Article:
fishing cuba

Like many other American anglers, I yearned to someday fish in Cuba. The forbidden fruit. The Hemingway lore. Pristine natural resources and willing bonefish, tarpon, even permit. My dreams danced with the possibilities.

But I never acted on it. Oh sure, I knew how to get there through the side entrance—flying through Cancun and tucking a twenty in your passport so it wouldn’t get stamped. But I didn’t test the embargo—not so much out of patriotic obligation, rather because I was chicken. I often travel internationally, and I didn’t want to risk the nightmare of ending up on some special Customs and Border Patrol list I’d imagined could earn me “special service” every time I flew back home.

But that’s all changed now. Not changing. Not about to change. Changed.

By and large, Cuba is open for business. And all you have to do is note the dozens of Havana charter flights on the departure board at Miami International Airport on any given day now to realize how much this change has already happened.

I was on one of those charter flights within weeks after President Obama’s historic visit to Havana, in order to experience saltwater fishing as part of an Orvis exploratory trip to Cuba. The largest flyfishing company in America has just announced it would be offering guided fishing packages to Cuba. That’s a significant milestone on a number of levels, but most importantly, it’s a breakthrough for many anglers like myself who are interested in the full Cuba experience, but want it dialed in and fully compliant with “people-to-people” visa regulations. Orvis has spent the past 18 months getting its program together with expert legal and diplomatic counsel.

fishing cuba

I was immediately struck that Cuba is one of the few places I’ve visited that was almost exactly as I had envisioned it to be. Cuba is indeed a time warp, replete with 1950s autos, billboard murals of El Commandante, incredible music, art, interesting food, and much more. We drove from Havana to Playa Larga on the Bay of Pigs (two hours), and on the way, noted the road sign that marked the spot where the invasion was halted, Castro himself leading the defense.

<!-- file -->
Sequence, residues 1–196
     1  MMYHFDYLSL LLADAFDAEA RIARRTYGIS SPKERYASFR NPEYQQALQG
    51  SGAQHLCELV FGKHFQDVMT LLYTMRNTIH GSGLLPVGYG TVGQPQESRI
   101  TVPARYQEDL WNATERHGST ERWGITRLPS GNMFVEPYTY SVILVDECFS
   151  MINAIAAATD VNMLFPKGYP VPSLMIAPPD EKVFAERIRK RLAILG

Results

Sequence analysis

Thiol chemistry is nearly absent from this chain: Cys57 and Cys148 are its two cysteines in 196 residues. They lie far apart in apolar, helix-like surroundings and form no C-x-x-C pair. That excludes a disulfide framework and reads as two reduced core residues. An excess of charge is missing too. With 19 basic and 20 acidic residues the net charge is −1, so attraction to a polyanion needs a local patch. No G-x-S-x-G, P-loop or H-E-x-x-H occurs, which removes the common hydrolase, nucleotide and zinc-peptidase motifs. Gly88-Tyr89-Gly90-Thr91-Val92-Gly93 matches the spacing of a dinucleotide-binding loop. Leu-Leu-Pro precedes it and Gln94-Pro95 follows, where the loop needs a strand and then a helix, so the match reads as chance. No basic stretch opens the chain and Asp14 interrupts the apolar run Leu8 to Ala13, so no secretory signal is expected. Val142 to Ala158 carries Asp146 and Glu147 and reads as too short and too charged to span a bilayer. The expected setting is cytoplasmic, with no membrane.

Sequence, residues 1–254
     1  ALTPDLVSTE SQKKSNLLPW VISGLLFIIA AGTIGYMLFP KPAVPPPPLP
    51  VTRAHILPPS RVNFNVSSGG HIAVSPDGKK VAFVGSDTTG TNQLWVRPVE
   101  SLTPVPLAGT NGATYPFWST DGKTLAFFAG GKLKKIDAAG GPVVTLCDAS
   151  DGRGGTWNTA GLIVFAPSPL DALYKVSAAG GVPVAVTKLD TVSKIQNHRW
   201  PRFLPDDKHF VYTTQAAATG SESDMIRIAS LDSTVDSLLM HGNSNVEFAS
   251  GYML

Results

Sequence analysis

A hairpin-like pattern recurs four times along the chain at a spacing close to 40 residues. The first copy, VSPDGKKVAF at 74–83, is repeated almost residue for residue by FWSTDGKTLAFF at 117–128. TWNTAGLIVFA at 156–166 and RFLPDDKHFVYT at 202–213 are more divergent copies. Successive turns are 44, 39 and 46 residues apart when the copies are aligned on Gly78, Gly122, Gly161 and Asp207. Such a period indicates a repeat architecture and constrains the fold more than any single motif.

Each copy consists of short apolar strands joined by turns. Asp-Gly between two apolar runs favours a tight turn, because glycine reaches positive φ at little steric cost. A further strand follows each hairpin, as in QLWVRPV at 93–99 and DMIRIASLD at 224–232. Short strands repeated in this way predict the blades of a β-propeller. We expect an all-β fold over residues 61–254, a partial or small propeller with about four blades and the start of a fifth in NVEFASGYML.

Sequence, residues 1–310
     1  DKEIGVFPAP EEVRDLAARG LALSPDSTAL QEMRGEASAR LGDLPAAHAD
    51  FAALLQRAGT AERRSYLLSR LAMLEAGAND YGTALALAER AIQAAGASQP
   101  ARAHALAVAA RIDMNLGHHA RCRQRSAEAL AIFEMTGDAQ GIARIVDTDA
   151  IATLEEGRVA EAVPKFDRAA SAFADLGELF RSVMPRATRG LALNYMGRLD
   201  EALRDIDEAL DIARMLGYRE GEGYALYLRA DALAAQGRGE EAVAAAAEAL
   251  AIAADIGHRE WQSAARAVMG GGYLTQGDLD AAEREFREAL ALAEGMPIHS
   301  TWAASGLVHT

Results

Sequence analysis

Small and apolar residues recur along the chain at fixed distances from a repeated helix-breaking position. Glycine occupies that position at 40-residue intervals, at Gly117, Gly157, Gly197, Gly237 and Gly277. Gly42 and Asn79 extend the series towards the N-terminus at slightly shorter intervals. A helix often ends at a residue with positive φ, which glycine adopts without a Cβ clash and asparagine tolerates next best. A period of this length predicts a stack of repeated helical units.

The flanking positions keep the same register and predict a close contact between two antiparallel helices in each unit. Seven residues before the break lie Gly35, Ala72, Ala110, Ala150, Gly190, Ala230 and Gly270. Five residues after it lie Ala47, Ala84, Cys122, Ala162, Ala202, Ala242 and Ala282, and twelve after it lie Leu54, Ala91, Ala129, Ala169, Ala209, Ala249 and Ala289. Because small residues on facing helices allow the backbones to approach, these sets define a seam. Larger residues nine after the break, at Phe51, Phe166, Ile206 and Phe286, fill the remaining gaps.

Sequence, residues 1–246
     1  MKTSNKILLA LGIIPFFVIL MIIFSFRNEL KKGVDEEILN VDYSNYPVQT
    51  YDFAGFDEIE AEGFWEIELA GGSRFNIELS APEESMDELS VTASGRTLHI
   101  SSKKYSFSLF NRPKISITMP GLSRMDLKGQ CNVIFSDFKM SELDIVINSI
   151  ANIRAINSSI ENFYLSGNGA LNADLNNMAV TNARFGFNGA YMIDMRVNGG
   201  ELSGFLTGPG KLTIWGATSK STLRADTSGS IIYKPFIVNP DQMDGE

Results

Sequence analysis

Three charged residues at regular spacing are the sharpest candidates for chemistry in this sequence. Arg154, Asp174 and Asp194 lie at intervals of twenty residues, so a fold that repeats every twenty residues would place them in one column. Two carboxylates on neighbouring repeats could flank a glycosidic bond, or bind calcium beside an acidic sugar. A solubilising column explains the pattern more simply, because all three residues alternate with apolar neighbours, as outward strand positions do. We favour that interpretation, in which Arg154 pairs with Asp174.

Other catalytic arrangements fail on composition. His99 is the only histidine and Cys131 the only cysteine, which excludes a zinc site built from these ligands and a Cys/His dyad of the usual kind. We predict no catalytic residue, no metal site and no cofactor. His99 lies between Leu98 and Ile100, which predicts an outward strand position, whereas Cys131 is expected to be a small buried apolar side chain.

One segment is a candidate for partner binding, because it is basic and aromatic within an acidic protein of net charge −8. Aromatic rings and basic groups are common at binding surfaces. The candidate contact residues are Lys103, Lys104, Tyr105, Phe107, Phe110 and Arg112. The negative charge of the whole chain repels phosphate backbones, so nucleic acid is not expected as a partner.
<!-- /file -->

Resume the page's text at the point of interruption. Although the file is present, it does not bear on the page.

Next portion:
We fished a part of the nearby Zapata National Park that encompasses roughly 300,000 hectares, where only four boats per day are allowed to fish. While parts of Havana are seemingly locked in the 1950s, the shoreline and flats here, minus almost any hint of human existence, are locked in what I imagine they may have appeared before 1492. At one spot, I jumped out of the boat, and waded a full mile, in bare feet, on soft but firm sand, and had shots at dozens of 3-5-pound bonefish.

The thing that makes the Orvis travel package different from the others is pretty simple. There have been many fishing programs available to anglers for years. I’ve heard wonderful things about many of them. I’ve heard about chasing the permit that ride the wakes of stingrays. But I’ve also heard about the seven-hour bus rides, followed by four-hour boat rides, and such. That’s great if you are completely focused on the fishing. I was as much or more interested in the cultural aspects of the trip, and am eager to go back with my wife, who will surely do some fishing, but is also interested in the other options. Orvis seems to strike a good balance in that regard.

Answers to logistical questions: The fishing guides are great. They speak perfect English, and are very much in tune with the fishery. Their conservation ethic is among the best I have noticed anywhere. All the people we met were quite friendly. I felt safer in Cuba than in many other countries I visited. The food is quite good, especially in the newly-opened “paladares” restaurants, where you eat fresh grilled lobster, crab, pork and other local dishes in what are literally extensions of people’s homes. And after dinner, of course, one can smoke a fresh Cuban cigar.

Despite rumor to the contrary, Cuba is not necessarily cheap. The government and locals have found ways to tap into the blossoming tourism industry, and there seems to be almost two parallel economies–one for the Cubans, and one for tourists. Americans are more and more present in the tourism mix; one fishing guide told me that two years ago, Canadians and Europeans comprised 90 percent of his business, and today, already, American anglers account for over 80 percent of the mix.

If you are considering a trip, I’d say go sooner than later. Stroll the Malecon and experience some of the grit and hustle in Old Havana. Listen to the music. But go with a program that’s dialed. And if you fish, be sure to appreciate the rawness of the natural settings to be found in Cuba.

There are, of course, no guarantees as to what will happen in the future. But for now, the present is far more exciting and brimming with opportunity for Americans than it has been in a very long time.